Studies have found several inconsistencies with developmental stage theories. In particular, key concepts from developmental psychology have been refuted in cross-cultural research and other recent studies. For example, the process of language acquisition can differ greatly between children, as can the age at which children recognize their image in a mirror (Broesch, Callaghan, Henrich, Murphy, & Rochat, 2011; Kidd, Donnelly, & Christiansen, 2018). Research has also shown that sympathy arises in children as young as ten months, which is in opposition to Piaget’s claims that young children are predominantly egocentric (Kanakogi, Okumura, Inoue, Kitazaki, & Itakura, 2013; Oakley, 2004). Piaget’s research on conservation with preschoolers has been challenged in that children’s errors were found to be linked to how the questions were asked (Rose & Blank, 1974; Samuel & Bryant, 1984; Winer, Hemphill, & Craig, 1988). We should, therefore, be careful when applying developmental theories to all children and all situations.
For hospitalized children, developmental theories are particularly problematic. Developmental theories offer no guidance in terms of explaining or predicting behaviors in these children, and they do not tell us how to interpret the sequencing and timing of stages. These theories infer that “sick” children are aberrations from the norm because many of them do not fit neatly in a stage that aligns with an age (Black, 2013; James, 2004; James & Curtis, 2012). The “standardization” of the hospitalized child is often difficult to achieve because children’s abilities can vary tremendously across age groups (James, 2004; Koller, 2017). Furthermore, developmental theories applied to children in hospitals do not represent how these children perceive themselves and what they are experiencing (Alderson, Sutcliffe, & Curtis, 2006; James & Curtis, 2012). Finally, dominant theories of child development depict children as immature and passive objects, creating distance between adults and children that can inhibit active youth participation (Berman & MacNevin, 2017; Brady, Lowe, & Lauritzen, 2015; Burman, 2017; James & James, 2012; James & Prout, 1997; Koller, 2017). Despite all these concerns, the predominance of child development theories informed by developmental psychology has had a powerful and significant influence on policy, pedagogy, and practice (Robinson & Jones Díaz, 2016).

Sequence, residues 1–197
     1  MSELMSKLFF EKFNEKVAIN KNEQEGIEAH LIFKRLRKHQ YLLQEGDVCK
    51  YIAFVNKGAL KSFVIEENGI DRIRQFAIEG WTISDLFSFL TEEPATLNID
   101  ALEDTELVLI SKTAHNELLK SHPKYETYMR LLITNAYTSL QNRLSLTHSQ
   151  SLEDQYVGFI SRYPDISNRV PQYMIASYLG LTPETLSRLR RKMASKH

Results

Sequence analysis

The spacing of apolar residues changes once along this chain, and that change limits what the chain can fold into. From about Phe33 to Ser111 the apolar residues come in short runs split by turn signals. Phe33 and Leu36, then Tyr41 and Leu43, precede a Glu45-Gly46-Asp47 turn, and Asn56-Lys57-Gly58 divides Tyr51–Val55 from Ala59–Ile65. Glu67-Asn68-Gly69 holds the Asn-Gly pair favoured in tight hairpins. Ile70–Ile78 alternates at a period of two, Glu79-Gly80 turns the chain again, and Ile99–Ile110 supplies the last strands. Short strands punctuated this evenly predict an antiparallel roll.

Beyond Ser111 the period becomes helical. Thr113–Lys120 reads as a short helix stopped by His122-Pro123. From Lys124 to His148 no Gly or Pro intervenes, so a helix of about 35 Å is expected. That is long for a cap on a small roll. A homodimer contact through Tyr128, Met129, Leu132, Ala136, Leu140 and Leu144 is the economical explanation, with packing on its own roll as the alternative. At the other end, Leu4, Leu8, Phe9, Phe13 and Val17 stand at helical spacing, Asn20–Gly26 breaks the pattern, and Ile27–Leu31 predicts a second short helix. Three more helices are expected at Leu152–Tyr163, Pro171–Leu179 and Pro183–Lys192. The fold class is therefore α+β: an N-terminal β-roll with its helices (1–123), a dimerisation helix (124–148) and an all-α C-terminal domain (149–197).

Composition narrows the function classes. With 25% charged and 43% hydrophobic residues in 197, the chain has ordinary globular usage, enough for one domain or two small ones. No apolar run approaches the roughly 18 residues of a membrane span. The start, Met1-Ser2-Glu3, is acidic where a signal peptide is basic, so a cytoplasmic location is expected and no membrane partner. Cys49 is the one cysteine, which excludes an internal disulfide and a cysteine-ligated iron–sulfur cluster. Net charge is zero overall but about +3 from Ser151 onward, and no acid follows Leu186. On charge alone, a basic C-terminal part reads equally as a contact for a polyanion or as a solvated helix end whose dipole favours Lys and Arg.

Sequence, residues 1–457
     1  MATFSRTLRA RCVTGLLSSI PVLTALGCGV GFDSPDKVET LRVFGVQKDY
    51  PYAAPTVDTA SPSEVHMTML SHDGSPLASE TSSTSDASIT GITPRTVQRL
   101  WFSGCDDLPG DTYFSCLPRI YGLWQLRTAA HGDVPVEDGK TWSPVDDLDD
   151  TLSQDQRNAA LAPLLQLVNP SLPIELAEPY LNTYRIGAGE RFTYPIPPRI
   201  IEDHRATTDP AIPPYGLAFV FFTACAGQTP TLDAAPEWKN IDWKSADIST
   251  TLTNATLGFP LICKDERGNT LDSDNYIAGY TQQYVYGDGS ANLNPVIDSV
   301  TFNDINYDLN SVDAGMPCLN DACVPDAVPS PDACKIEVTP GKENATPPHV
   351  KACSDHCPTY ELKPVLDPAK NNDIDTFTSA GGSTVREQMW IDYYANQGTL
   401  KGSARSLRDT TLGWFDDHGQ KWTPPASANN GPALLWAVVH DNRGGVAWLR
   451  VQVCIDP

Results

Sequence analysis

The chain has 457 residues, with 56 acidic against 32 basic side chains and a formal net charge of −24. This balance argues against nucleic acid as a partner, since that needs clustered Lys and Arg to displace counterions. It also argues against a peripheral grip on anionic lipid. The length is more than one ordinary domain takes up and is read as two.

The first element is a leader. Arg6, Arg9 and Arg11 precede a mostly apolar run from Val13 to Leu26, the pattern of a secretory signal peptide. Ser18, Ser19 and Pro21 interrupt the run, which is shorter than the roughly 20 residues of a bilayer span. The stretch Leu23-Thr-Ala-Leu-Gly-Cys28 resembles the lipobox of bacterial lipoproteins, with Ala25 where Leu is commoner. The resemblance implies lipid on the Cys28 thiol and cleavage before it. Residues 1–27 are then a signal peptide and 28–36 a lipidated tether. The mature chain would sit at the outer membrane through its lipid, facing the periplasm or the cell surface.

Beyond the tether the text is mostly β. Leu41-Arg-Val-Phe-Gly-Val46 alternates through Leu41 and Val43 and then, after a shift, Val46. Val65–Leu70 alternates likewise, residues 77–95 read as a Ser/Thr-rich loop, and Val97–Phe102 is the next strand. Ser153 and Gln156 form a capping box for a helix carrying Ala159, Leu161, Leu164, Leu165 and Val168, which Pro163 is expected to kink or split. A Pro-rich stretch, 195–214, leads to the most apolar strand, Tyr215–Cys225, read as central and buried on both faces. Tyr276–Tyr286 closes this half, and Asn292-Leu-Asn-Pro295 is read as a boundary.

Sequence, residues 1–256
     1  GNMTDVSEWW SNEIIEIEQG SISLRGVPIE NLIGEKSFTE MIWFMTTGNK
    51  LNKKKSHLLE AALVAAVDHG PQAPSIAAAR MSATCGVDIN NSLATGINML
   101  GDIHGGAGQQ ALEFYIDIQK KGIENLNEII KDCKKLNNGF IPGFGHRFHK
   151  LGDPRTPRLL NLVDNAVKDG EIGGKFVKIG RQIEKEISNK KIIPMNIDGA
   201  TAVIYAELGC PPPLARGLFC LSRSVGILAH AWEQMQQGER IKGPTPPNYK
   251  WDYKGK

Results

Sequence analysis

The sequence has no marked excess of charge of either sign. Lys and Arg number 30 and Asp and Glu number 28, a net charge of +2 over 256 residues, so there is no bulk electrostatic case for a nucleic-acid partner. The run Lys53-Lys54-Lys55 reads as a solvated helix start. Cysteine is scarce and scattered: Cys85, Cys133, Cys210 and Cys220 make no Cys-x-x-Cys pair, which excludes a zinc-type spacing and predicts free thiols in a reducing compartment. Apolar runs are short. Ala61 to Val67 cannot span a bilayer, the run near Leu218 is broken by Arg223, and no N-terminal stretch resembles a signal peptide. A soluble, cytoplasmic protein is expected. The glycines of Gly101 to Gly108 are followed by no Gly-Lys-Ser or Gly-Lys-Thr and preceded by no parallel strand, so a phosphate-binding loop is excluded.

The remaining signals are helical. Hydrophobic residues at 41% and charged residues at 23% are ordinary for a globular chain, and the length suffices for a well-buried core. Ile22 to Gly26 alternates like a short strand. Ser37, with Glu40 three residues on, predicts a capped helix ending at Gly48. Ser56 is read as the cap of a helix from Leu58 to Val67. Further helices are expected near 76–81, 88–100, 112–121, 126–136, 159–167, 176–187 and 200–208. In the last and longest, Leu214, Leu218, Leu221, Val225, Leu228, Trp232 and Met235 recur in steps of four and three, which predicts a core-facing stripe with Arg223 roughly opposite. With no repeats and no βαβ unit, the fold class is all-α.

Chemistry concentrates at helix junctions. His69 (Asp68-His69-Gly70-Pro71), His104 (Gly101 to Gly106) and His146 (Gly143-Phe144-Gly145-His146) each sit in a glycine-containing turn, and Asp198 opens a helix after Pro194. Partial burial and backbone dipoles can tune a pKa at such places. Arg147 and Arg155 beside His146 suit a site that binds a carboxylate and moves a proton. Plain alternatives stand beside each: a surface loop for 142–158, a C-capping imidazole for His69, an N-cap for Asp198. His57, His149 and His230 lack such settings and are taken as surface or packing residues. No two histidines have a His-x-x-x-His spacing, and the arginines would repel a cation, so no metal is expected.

In the field of child life, we continue to revere developmental theories without any apparent critical appraisal. Questions regarding developmental theories are included on certification exams, and many child life textbooks focus almost exclusively on developmental frameworks as foundational to child life practice. While we may not need to entirely discard these theories from our teaching and practice, we must acknowledge their impenetrable stance and invite students to “problematize” the premise of stage theories (Blaisdell, 2019; James, 2004; James & James, 2012). Student engagement in the evaluation of theories promotes critical thinking and reflective practice over time—two essential skills for healthcare professionals. At the same time, educators in child life have an ethical responsibility to identify the benefits, risks, and limitations of all theories that inform practice. For child life pedagogy, this means that we must teach students how to think rather than just what to think.